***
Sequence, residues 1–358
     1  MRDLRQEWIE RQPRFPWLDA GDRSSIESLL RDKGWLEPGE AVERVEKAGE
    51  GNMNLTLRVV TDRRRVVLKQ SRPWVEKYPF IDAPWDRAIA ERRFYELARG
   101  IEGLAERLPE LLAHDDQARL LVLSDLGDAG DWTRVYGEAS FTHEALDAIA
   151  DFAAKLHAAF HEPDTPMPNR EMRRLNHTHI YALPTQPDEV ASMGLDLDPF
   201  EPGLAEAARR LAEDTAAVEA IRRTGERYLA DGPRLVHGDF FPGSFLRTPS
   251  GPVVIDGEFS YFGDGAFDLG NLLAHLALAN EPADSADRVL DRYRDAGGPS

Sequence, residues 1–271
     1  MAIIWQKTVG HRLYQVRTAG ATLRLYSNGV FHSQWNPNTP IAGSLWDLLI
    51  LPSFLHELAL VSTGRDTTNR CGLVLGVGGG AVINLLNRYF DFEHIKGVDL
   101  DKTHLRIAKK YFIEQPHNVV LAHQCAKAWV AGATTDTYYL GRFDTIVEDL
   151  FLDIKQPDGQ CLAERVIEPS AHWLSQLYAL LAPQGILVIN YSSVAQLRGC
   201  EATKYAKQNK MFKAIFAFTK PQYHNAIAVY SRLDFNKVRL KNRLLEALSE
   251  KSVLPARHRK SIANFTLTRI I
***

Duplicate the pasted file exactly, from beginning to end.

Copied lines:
Sequence, residues 1–358
     1  MRDLRQEWIE RQPRFPWLDA GDRSSIESLL RDKGWLEPGE AVERVEKAGE
    51  GNMNLTLRVV TDRRRVVLKQ SRPWVEKYPF IDAPWDRAIA ERRFYELARG
   101  IEGLAERLPE LLAHDDQARL LVLSDLGDAG DWTRVYGEAS FTHEALDAIA
   151  DFAAKLHAAF HEPDTPMPNR EMRRLNHTHI YALPTQPDEV ASMGLDLDPF
   201  EPGLAEAARR LAEDTAAVEA IRRTGERYLA DGPRLVHGDF FPGSFLRTPS
   251  GPVVIDGEFS YFGDGAFDLG NLLAHLALAN EPADSADRVL DRYRDAGGPS

Sequence, residues 1–271
     1  MAIIWQKTVG HRLYQVRTAG ATLRLYSNGV FHSQWNPNTP IAGSLWDLLI
    51  LPSFLHELAL VSTGRDTTNR CGLVLGVGGG AVINLLNRYF DFEHIKGVDL
   101  DKTHLRIAKK YFIEQPHNVV LAHQCAKAWV AGATTDTYYL GRFDTIVEDL
   151  FLDIKQPDGQ CLAERVIEPS AHWLSQLYAL LAPQGILVIN YSSVAQLRGC
   201  EATKYAKQNK MFKAIFAFTK PQYHNAIAVY SRLDFNKVRL KNRLLEALSE
   251  KSVLPARHRK SIANFTLTRI I